US Secretary of State Condoleezza Rice has called on all Arab states to do their utmost to work towards a peace settlement with Israel.
Ms Rice called Egypt "a leader in the search for peace"
She was speaking after talks in the southern Egyptian city of Aswan with President Hosni Mubarak.
Washington hopes broader Arab-Israeli reconciliation can help foster an Israeli-Palestinian peace process.
Ms Rice then went to Ramallah for talks with Palestinian leader Mahmoud Abbas before meeting Israel's PM Ehud Olmert.
Mr Olmert on Sunday expressed what correspondents said was unusually blunt criticism of Mr Abbas, accusing the Palestinian leader of violating a promise to free a captured Israeli soldier before forming a new Palestinian national unity government.
"We can't ignore the fact that the chairman of the Palestinian Authority blatantly violated a series of commitments to Israel, especially the commitment that no national unity government would be formed before Gilad Shalit's release," Mr Olmert said.
This refers to the seizure of an Israeli soldier by Hamas-linked militants last June.
Palestinians have said that Mr Abbas never made such a promise, although he has said he would do his best to work for Cpl Shalit's release.
"There is no excuse for Israel to continue to run from serious negotiations with the Palestine Liberation Organisation and President Abbas," said senior Abbas aide Nabil Abu Rudeina.
Leader for peace
Mr Olmert's remarks came several hours before Ms Rice was due in Jerusalem for talks as she continues her shuttle diplomacy aimed at restarting the dormant Middle East peace process.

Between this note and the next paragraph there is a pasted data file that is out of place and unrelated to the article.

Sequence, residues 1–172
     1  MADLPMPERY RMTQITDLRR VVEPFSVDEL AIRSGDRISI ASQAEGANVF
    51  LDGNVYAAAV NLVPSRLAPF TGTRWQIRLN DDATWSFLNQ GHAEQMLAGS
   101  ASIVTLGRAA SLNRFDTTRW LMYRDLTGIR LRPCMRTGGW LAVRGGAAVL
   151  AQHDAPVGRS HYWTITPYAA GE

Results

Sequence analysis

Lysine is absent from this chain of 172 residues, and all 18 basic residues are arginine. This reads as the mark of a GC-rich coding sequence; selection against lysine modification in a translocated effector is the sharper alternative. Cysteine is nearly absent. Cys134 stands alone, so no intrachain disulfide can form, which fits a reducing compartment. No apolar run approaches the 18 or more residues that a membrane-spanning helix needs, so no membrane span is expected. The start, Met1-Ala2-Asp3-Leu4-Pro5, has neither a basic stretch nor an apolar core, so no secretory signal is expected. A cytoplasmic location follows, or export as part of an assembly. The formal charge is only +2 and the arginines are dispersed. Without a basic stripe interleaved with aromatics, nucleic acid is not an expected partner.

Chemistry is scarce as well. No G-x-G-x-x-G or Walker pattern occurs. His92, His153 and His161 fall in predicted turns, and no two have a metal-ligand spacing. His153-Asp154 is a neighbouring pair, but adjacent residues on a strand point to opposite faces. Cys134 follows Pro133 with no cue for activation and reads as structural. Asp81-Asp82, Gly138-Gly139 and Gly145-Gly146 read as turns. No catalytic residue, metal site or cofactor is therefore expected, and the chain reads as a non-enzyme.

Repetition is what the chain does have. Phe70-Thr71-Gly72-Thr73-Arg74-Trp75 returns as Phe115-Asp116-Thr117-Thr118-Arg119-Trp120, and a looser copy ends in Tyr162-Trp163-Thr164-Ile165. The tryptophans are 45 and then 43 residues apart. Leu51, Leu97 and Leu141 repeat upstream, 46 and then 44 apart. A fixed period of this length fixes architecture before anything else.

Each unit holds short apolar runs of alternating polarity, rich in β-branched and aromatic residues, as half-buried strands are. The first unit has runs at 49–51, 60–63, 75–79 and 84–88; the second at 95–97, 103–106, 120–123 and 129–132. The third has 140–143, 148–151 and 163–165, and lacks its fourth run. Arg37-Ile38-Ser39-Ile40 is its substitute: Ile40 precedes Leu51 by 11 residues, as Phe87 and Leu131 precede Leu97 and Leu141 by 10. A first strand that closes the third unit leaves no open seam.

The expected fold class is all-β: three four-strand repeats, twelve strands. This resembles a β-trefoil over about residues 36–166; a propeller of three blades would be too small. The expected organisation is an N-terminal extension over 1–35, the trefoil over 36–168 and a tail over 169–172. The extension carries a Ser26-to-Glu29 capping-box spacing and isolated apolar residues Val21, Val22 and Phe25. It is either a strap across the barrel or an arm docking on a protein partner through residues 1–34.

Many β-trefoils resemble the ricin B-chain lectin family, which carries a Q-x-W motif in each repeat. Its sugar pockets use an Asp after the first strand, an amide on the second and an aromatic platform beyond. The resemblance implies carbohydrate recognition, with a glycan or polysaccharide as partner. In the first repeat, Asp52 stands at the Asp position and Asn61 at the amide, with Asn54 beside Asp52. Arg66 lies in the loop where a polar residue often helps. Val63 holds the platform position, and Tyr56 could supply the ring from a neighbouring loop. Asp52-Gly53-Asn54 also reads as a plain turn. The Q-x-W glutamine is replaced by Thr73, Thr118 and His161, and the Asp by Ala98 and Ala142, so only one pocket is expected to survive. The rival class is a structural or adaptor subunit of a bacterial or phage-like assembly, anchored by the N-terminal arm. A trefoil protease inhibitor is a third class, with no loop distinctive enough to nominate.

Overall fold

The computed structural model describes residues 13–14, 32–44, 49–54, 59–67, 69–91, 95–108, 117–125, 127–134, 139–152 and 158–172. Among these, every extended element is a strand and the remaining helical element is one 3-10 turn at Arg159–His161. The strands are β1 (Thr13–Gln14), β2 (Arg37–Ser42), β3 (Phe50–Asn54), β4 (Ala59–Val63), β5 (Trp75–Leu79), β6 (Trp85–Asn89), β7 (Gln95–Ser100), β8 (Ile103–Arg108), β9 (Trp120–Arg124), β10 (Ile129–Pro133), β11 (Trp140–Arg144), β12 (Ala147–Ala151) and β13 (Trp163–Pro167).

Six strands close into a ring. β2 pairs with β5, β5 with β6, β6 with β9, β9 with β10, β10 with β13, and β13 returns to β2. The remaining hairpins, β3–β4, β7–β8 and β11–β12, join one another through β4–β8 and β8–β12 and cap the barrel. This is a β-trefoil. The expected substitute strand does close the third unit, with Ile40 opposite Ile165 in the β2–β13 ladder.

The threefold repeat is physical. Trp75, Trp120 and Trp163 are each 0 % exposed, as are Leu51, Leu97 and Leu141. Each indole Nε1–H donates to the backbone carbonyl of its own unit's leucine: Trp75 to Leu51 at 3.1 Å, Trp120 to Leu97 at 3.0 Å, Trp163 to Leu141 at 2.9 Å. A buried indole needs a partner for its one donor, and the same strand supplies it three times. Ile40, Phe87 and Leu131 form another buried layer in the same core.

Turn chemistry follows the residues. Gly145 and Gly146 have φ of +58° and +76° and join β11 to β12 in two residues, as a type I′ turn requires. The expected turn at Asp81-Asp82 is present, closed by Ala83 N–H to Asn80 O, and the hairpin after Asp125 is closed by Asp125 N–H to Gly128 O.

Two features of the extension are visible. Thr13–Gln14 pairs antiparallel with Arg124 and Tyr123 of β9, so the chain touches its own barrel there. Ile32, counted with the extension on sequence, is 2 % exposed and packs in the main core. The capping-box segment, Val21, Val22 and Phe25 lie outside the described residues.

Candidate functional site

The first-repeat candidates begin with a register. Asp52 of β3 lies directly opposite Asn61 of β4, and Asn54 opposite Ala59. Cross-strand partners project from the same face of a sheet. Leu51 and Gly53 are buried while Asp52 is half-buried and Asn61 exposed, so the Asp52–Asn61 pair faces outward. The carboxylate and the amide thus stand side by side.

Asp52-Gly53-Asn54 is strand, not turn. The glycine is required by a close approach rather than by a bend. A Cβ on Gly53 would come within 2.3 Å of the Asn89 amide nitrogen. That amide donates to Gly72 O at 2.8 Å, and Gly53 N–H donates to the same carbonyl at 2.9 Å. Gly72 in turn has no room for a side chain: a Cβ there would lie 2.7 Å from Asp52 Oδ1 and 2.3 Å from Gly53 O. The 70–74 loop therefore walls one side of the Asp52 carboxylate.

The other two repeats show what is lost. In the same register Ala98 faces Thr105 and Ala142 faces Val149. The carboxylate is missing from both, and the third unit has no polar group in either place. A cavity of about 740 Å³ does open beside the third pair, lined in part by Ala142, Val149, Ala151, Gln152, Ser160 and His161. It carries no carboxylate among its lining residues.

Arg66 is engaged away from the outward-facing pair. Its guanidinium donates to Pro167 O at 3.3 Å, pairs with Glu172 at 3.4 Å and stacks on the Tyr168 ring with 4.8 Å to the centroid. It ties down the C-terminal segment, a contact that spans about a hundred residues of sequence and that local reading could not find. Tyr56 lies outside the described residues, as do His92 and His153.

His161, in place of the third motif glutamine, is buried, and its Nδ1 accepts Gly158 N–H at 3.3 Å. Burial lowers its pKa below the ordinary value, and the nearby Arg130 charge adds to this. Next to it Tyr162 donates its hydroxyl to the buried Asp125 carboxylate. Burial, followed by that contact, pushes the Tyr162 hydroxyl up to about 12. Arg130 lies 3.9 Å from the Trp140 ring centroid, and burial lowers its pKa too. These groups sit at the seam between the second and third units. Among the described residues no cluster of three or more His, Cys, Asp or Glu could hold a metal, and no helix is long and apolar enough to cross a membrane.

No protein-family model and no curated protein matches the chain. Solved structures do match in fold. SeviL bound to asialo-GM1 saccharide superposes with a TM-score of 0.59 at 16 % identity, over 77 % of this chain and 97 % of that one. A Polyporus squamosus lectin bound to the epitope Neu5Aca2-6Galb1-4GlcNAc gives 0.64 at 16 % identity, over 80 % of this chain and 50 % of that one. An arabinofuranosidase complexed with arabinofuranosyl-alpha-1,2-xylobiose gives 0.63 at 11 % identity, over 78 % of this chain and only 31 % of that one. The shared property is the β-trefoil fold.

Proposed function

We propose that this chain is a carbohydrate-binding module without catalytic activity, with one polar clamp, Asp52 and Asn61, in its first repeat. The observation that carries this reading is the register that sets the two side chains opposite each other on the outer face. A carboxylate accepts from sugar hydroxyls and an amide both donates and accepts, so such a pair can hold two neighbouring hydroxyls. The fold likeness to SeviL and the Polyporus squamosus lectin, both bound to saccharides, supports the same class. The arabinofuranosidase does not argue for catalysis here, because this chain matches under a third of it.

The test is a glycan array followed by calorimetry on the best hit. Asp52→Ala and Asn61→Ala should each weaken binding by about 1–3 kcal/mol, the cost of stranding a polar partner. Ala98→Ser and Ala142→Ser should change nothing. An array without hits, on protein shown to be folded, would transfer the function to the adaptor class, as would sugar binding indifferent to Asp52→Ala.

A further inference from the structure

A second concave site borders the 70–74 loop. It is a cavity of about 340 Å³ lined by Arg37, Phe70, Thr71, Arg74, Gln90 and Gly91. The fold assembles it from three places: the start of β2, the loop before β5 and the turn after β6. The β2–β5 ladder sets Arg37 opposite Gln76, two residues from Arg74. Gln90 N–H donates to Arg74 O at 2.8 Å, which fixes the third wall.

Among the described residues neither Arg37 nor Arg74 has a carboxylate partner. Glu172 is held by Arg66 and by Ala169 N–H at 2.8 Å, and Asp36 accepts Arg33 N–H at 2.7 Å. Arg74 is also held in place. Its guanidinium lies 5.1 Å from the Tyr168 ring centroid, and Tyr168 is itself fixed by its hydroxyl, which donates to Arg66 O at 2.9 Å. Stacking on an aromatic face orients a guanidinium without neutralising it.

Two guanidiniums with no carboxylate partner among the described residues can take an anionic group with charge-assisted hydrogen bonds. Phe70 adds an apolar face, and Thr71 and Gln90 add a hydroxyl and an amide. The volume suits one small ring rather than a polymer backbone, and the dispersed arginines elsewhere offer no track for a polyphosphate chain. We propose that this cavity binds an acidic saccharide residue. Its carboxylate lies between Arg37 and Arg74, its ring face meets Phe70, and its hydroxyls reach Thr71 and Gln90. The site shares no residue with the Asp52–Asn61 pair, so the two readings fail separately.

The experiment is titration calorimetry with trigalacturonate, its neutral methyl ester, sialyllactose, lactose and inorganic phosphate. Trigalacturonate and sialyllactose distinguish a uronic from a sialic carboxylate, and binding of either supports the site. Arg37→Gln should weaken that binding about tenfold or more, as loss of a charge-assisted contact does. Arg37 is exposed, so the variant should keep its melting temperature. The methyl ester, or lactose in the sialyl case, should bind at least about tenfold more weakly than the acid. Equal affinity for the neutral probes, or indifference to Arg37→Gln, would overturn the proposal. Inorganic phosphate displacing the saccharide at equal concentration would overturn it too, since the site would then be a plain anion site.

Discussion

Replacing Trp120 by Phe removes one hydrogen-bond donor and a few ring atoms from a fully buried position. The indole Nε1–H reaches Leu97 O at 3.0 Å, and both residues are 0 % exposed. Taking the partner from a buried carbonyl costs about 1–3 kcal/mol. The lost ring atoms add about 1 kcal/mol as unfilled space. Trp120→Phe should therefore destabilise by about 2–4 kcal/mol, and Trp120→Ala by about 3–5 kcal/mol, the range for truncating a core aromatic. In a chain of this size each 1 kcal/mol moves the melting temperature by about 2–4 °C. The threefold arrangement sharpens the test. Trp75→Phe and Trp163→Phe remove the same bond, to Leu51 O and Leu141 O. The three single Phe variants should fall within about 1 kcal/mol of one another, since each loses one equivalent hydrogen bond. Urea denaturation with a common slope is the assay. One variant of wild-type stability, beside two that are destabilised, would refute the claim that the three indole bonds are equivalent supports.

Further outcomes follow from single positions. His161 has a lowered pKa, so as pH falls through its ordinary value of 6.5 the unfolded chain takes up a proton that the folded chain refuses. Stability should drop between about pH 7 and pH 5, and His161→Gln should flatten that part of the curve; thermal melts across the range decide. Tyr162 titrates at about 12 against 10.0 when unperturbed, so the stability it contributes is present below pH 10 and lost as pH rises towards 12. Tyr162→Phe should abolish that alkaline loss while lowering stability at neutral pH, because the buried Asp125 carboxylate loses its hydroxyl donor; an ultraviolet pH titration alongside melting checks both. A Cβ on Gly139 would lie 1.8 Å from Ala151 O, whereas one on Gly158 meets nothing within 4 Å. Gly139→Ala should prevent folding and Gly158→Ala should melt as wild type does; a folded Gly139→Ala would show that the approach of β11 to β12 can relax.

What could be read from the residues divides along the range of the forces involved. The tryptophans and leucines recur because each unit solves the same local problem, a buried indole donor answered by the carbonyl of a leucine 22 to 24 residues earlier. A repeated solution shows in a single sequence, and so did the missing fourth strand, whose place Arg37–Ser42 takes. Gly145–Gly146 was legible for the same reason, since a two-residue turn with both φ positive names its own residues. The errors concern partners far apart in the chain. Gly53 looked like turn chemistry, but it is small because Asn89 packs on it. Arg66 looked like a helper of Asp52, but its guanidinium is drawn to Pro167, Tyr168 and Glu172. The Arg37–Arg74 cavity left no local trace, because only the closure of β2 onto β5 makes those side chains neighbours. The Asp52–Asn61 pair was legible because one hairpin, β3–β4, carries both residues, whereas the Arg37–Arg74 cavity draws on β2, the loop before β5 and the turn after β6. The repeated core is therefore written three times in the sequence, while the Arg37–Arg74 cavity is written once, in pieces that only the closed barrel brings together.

Ms Rice's trip is her seventh to the region in eight months.
Condoleezza Rice is engaged in a hectic round of talks
Washington has not recognised the Palestinian unity government, but says it will talk to ministers who are not members of the Islamic group Hamas, which it regards as a terrorist group.
In Egypt, Ms Rice told a news conference that she had held a good meeting with President Hosni Mubarak, calling Egypt "a leader in the search for peace".
Addressing a news conference afterwards, Ms Rice said she hoped every state would "search very deep" to see how it could help end the conflict.
"The Palestinian people have waited long enough to have a state of their own and the Israeli people have waited long enough to have the kind of security that will come from the establishment of a stable and democratic neighbour to live in peace with," Ms Rice said.
On the first leg of her visit, Ms Rice met foreign ministers from Egypt, Saudi Arabia, Jordan and the United Arab Emirates in Aswan on Saturday.
BBC state department correspondent Jonathan Beale, who is travelling with Ms Rice, said there was no sense the meeting had come up with any solutions to break the Middle East deadlock.
The US is keen for Arab states, who meet at a summit in Saudi Arabia on 28 March, to revive a 2002 Saudi initiative to resolve the Arab-Israeli problem.
The plan offers Israel normalisation of ties with Arab states if it pulls out of all Arab land it occupied in 1967.
Israel rejected the plan outright after it was first proposed at an Arab summit in Beirut in 2002, but Mr Olmert is now giving it a guarded welcome.